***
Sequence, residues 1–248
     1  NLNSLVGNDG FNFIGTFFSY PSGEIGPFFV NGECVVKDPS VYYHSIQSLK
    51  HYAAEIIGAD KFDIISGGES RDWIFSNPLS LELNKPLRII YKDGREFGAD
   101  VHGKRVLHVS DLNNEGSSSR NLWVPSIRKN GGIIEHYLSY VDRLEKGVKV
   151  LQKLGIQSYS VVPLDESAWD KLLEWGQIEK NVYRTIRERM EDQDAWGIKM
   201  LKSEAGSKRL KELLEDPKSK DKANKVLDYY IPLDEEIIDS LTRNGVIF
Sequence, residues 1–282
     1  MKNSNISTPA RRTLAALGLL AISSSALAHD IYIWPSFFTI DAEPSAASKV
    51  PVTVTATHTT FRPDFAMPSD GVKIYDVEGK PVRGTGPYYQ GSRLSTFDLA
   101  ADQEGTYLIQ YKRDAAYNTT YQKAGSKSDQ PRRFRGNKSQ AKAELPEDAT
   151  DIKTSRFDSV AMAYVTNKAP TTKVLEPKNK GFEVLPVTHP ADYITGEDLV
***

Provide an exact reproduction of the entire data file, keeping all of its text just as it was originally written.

Sequence, residues 1–248
     1  NLNSLVGNDG FNFIGTFFSY PSGEIGPFFV NGECVVKDPS VYYHSIQSLK
    51  HYAAEIIGAD KFDIISGGES RDWIFSNPLS LELNKPLRII YKDGREFGAD
   101  VHGKRVLHVS DLNNEGSSSR NLWVPSIRKN GGIIEHYLSY VDRLEKGVKV
   151  LQKLGIQSYS VVPLDESAWD KLLEWGQIEK NVYRTIRERM EDQDAWGIKM
   201  LKSEAGSKRL KELLEDPKSK DKANKVLDYY IPLDEEIIDS LTRNGVIF
Sequence, residues 1–282
     1  MKNSNISTPA RRTLAALGLL AISSSALAHD IYIWPSFFTI DAEPSAASKV
    51  PVTVTATHTT FRPDFAMPSD GVKIYDVEGK PVRGTGPYYQ GSRLSTFDLA
   101  ADQEGTYLIQ YKRDAAYNTT YQKAGSKSDQ PRRFRGNKSQ AKAELPEDAT
   151  DIKTSRFDSV AMAYVTNKAP TTKVLEPKNK GFEVLPVTHP ADYITGEDLV